Putin gives Trump a soccer ball at a conference in Helsinki, Finland this week.
Photo: Alexander Zemlianichenko (AP)

While at a conference alongside Russian President Vladimir Putin at a high-profile conference in Helsinki this month, Donald Trump took some time out of relentlessly praising his counterpart—a former KGB foreign intelligence officer and currently suspected U.S. election-meddler—to accept a gift of one Adidas AG soccer ball. Turns out that model of soccer ball has a chip in it.

Per a report in Bloomberg, said soccer ball carries markings identifying it as part of a line with a built-in “chip with a tiny antenna,” albeit one ostensibly designed by Adidas, not a basement lab at GRU headquarters. The contained NFC chip is “passive and only sends out information,” according to the Adidas website, and is marketed as allowing fans who bring their mobile devices close to the ball access to premium content like exclusive videos, competitions, and challenges.

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Bloomberg writes:

But rather than a spy device, the chip is an advertised feature of the Adidas AG ball. Photographs from the news conference in Helsinki, where Putin handed the ball to Trump, show it bore a logo for a near-field communication tag. During manufacturing, the NFC chip is placed inside the ball under that logo, which resembles the icon for a WiFi signal, according to the Adidas website.

The chip allows fans to access player videos, competitions and other content by bringing their mobile devices close to the ball. The feature is included in the 2018 FIFA World Cup match ball that’s sold on the Adidas website for $165 (reduced to $83 in the past week).

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In other words, this isn’t necessarily an indication of anything nefarious. Putin may well have simply given the president an off-the-shelf Adidas ball that does nothing more than transmit a code unlocking dumb premium content that, in all likelihood, neither the president or anyone else has an interest in unlocking. Per CNN, cybersecurity expert Scott Schober noted that any mobile device would likely need to be “within a couple of centimeters” of the ball to even register the code, while Adidas claims the encoded tag is impossible to interfere with.

However, that is assuming that the ball was not surreptitiously fiddled with, such as by replacing the NFC transmitter with a near visually identical device of Russian origin, somehow modifying it, or just creating a fake ball. As Bloomberg helpfully noted, it “it couldn’t be determined from the photos” whether the ball was modified, because duh.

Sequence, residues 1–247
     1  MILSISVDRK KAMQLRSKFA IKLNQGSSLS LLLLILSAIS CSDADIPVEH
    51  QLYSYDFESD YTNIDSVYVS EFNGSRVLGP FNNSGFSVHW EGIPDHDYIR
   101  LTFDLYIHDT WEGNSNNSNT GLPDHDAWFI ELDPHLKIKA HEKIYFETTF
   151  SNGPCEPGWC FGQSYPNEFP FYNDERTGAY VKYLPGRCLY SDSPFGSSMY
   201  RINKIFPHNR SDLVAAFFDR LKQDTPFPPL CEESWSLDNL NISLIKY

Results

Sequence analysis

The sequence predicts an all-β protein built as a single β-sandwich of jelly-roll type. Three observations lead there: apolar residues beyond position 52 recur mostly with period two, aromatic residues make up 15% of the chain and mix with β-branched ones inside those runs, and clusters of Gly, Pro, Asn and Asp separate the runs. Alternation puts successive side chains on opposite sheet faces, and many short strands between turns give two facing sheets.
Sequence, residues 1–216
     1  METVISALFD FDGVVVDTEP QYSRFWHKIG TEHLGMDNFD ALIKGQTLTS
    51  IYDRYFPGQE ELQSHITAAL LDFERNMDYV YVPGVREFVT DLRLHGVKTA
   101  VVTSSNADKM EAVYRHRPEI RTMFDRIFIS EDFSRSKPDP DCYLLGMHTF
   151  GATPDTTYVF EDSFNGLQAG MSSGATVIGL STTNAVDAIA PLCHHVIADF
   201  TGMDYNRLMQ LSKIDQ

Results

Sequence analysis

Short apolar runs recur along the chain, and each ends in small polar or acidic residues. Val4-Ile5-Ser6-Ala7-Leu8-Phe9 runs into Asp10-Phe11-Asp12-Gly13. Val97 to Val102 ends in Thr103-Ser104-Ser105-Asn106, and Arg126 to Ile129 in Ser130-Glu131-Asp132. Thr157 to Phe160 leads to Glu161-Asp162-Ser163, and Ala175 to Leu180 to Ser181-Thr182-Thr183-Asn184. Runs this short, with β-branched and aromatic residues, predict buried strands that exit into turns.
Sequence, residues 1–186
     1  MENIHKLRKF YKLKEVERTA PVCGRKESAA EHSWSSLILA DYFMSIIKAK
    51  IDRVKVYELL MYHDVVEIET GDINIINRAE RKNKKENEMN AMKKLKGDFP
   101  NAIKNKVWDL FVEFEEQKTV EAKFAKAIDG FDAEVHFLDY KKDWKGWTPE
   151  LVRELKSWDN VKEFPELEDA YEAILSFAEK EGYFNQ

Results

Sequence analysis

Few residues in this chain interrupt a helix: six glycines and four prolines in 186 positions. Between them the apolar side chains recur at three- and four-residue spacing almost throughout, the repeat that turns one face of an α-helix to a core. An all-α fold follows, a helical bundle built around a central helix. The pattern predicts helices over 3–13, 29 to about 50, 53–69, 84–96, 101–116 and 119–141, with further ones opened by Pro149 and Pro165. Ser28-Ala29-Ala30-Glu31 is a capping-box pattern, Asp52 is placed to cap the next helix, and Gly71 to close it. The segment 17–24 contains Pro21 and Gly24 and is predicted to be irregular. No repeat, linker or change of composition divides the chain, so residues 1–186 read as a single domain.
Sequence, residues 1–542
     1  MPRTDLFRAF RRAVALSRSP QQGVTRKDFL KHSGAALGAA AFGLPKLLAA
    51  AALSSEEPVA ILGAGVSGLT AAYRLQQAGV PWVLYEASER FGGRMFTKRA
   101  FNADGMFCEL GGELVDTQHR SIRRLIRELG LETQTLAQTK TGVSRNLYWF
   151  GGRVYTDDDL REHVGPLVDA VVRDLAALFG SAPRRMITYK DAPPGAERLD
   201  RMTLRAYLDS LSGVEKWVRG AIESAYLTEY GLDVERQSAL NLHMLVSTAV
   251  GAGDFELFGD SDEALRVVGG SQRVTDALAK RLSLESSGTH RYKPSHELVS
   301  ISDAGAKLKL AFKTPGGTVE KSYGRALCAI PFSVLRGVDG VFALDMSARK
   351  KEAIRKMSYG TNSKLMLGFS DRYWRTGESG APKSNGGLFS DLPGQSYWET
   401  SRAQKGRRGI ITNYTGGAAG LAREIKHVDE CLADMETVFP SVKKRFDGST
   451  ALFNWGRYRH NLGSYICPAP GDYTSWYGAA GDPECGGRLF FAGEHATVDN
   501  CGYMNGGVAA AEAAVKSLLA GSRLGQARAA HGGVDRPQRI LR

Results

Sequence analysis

That would be brash by intelligence standards. As Schober told CNN, any device brought into close proximity to the president would be examined by the Secret Service or counterintelligence officials to see if it emitted “any radio frequency”—and even given Trump’s suspiciously friendly relationship with Putin, it seems like a massive stretch the latter leader would be so brazen as to hand the president a bugged device personally. So cue the cries of “fake news!” and all that.

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That said, the Cold War is rife with stories of Soviet intelligence ingenuity, including a replica Great Seal of the United States containing a sophisticated, pencil-sized resonating device they gave U.S. Ambassador George Kennan in 1952. Dubbed “The Thing,” its operation—powered by KGB technicians in a nearby building who targeted it with microwaves—was only discovered when a British radio operator heard Kennan’s conversations being broadcast on an open channel.

Bloomberg concluded that one kind of attack, in which the NFC chip could be modified or replaced to redirect a user to a malicious URL, is probably not happening:

However, such a multi-stepped attack via a soccer ball seems unlikely, said Linus Neumann, a spokesman for the Hamburg-based Chaos Computer Club, a hacker collective that for decades has exposed weaknesses in German banking, government and other computer systems.

“Trump would have to ignore multiple security warnings and intentionally install a malware on his device,” Neumann said, adding that such a hack working would depend on the president, “falling for a silly attack like this.”

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In one sense, that’s ominous, given the president does not know how cybersecurity works and is basically the number one guy who would fall for something “silly.” But in another sense, it’s reassuring, given the near certainty Trump does not know how to install an app on his phone.

Melania Trump, however...

First lady Melania Trump holding the ball after it was tossed to her by her husband.
Photo: Pablo Martinez Monsivais (AP)

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Hmm.

[Bloomberg]